The Zman had a unique podcast a couple of weeks back. You can listen to it here. Well worth the time investment.
Within the podcast, Zman talks about the liberal, post-Enlightenment “free speech”. He contrasts it to what a dissident would generally desire, which is free accountable speech. This means that free speech exists, but outright lies, theft of intellectual property (such as media organizations reporting on stolen donation lists), and slanders are not permitted and can be punished in courts.
This is not so much government “banning” speech, but rather courts not allowing outright lies in public speech. No one would be jailed for speech, so it’s not controlled speech, but it does have added requirements to not get sued. It would curtail mainstream media organizations from calling everything the dissidents do as right-wing nazi propaganda, unless they can furnish proof of it being nazi propaganda.
In many ways, this would promote better speech. People would need to be more careful and accurate in what they say.
It’s an interesting incursion into the complexities of what exactly free speech should or does entail. Free speech is a hard topic, and one that even dissidents disagree vehemently on.
Most would generally agree that there are three types of speech per system:
- Absolute free speech
- Accountable free speech
- Controlled speech
Very few are interested in the third option, so I ignore it for the purpose of this article.
The United States is mostly the first, with a few topics in the second (such as the infamous “don’t say fire in a crowded theatre unless there is an actual fire”). Most of our deviations are along the lines of violence, such as direct calls to violence. Many European nations are accountable free speech nations, where the rule of law prevents a lot of slandering speech at the threat of lawsuits. The third would include countries such as North Korea and China, where only government approved speech is permitted.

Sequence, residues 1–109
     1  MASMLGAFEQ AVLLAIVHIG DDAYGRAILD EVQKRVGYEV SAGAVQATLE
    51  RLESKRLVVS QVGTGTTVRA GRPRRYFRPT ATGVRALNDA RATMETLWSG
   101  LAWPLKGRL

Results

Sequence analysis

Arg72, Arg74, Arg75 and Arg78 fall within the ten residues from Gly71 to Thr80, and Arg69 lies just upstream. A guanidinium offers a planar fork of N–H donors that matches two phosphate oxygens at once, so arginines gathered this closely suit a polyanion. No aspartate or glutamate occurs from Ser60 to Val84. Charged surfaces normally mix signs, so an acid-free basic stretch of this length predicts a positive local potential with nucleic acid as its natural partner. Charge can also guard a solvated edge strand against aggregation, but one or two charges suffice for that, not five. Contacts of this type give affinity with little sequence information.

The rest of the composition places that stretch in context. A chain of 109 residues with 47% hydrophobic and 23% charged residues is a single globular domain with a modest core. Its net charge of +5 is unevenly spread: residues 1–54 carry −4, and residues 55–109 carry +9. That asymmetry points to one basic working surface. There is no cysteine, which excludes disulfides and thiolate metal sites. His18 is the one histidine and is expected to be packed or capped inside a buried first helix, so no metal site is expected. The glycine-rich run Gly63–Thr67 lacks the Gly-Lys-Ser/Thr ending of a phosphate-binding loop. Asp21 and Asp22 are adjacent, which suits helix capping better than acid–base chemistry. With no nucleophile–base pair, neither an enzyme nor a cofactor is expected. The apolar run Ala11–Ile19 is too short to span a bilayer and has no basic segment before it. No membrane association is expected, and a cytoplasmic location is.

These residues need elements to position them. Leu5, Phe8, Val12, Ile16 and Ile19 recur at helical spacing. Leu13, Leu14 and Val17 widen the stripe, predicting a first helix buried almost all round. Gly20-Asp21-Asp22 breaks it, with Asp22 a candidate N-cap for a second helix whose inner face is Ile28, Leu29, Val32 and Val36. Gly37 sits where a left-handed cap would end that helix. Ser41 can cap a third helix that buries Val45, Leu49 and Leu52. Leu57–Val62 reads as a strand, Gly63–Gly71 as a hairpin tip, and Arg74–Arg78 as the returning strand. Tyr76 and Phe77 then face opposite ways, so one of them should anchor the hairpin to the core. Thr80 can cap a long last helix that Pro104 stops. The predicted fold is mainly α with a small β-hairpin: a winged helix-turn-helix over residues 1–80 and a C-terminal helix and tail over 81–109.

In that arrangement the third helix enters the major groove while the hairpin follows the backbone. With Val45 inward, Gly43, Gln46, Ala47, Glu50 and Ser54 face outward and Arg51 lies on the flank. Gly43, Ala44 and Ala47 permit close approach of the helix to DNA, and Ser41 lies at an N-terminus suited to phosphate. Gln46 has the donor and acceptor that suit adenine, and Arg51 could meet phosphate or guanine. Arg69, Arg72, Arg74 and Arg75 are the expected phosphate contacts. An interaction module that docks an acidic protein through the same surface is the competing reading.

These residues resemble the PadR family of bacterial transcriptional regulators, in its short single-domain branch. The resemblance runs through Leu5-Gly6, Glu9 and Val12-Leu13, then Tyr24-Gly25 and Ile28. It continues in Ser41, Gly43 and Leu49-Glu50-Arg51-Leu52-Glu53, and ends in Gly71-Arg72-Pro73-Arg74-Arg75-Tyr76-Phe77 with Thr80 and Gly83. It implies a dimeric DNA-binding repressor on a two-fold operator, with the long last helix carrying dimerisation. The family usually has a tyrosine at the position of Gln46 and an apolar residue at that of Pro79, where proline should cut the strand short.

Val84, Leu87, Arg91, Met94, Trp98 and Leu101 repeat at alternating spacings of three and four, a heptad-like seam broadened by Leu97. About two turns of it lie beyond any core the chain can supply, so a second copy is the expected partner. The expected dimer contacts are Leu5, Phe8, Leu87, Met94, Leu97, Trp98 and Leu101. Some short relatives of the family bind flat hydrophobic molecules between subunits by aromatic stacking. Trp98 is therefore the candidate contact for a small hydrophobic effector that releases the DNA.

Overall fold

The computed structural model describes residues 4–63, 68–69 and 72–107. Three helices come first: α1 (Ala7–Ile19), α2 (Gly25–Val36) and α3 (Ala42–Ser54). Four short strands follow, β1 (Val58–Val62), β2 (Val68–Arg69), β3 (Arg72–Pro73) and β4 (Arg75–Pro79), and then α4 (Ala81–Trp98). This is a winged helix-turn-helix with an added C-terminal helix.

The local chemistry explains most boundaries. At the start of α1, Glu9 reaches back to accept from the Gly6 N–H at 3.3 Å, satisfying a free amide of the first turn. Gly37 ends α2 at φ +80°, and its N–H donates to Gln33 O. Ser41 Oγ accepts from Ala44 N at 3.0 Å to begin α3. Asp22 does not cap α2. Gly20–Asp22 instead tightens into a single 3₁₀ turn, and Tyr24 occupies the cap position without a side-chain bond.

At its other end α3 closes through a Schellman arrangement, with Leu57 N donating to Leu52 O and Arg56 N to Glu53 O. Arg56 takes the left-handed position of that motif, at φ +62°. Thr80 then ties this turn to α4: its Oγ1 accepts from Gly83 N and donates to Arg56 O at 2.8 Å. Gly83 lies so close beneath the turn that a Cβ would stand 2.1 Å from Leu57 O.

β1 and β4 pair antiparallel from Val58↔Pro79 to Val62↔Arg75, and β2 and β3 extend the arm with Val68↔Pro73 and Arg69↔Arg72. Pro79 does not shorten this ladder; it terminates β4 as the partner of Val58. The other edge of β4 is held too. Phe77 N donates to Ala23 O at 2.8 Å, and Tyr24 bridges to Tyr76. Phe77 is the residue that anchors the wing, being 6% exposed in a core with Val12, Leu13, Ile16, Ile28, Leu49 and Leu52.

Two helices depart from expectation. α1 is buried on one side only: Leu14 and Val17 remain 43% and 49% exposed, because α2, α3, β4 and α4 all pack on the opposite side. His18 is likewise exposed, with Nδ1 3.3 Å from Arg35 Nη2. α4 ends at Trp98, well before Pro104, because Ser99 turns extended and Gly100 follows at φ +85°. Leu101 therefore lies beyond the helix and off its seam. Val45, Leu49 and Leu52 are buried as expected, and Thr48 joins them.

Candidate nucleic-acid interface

However, all nations are fluid with certain topics. For instance, in many European nations, you cannot question the holocaust. This is an example of controlled speech in an otherwise accountable speech nation-state. Very few nations, as far as I can tell, reside solely in one bracket.
Absolute free speech generally benefits liars, malevolent charismatic types, and centralizers. This is because they are the ones most likely to use it in its fullest effect, in the most malicious manner. They are also the most likely to be able to litigate and defend their speech against any rebuttals. Whereas accountable speech generally benefits the almost autistic, attention to detail and accuracy-focused types that will replace the centralizer in speaking roles.
Zman would definitely fall on the accountable speech side. Others are fine with absolute free speech. I’m not sure I have a strong position or align with either fully. I’d prefer a more mixed approach. But I see no use in controlled speech, so my ideal is a mixed approach with the first two.
The accountable speech proponents do raise worthwhile issues that need addressed. The “free speech” of our elites can be used to destroy us while simultaneously shielding them. But speech could also become very restricted if we had to have proof, and deal with the threat of litigation, for everything we say about other people or institutions.
The root of the issue is the centralizer, as is usual. If they were not an issue at the top, the absolute free speech would likewise not be an issue at the bottom. The solution to this should be relatively simple if we split speech according to levels of influence.
Institutions and people are not equal in terms of the damage caused by speech. A truck driver spouting off on Facebook live is not equal to a CNN correspondent reporting on the president. Twitter, a public utility, enforcing a speech narrative is not the same as a small blog enforcing public comments. They should not be treated the same.
The centralizer arenas and the people within them at the top of the hierarchy should be held to accountable speech, whereas the general public should have absolute free speech. It harms no one if some plumber says the president is a dementia patient, but it does harm the entire society if the DNC and mainstream media put out a false narrative about Trump-Russian collusion. Our leaders—In every arena, cultural, intellectual, political, and financial—Should have higher standards for speech than the rest of the public. They should be held to this standard with the courts. That is their role.
If they can’t handle that extra responsibility, then they aren’t useful in their leadership roles and should not be in them, anyway.
This would solve the problem of “free speech” being used by the elites to destroy us, while retaining absolute free speech for the people that cause no harm with it. It’s a way to bridge that power disparity, by requiring proportional responsibility with the level of power through speech.
So, my position is a mixed one. Accountable speech for the centralizer arenas, but free speech for the people.
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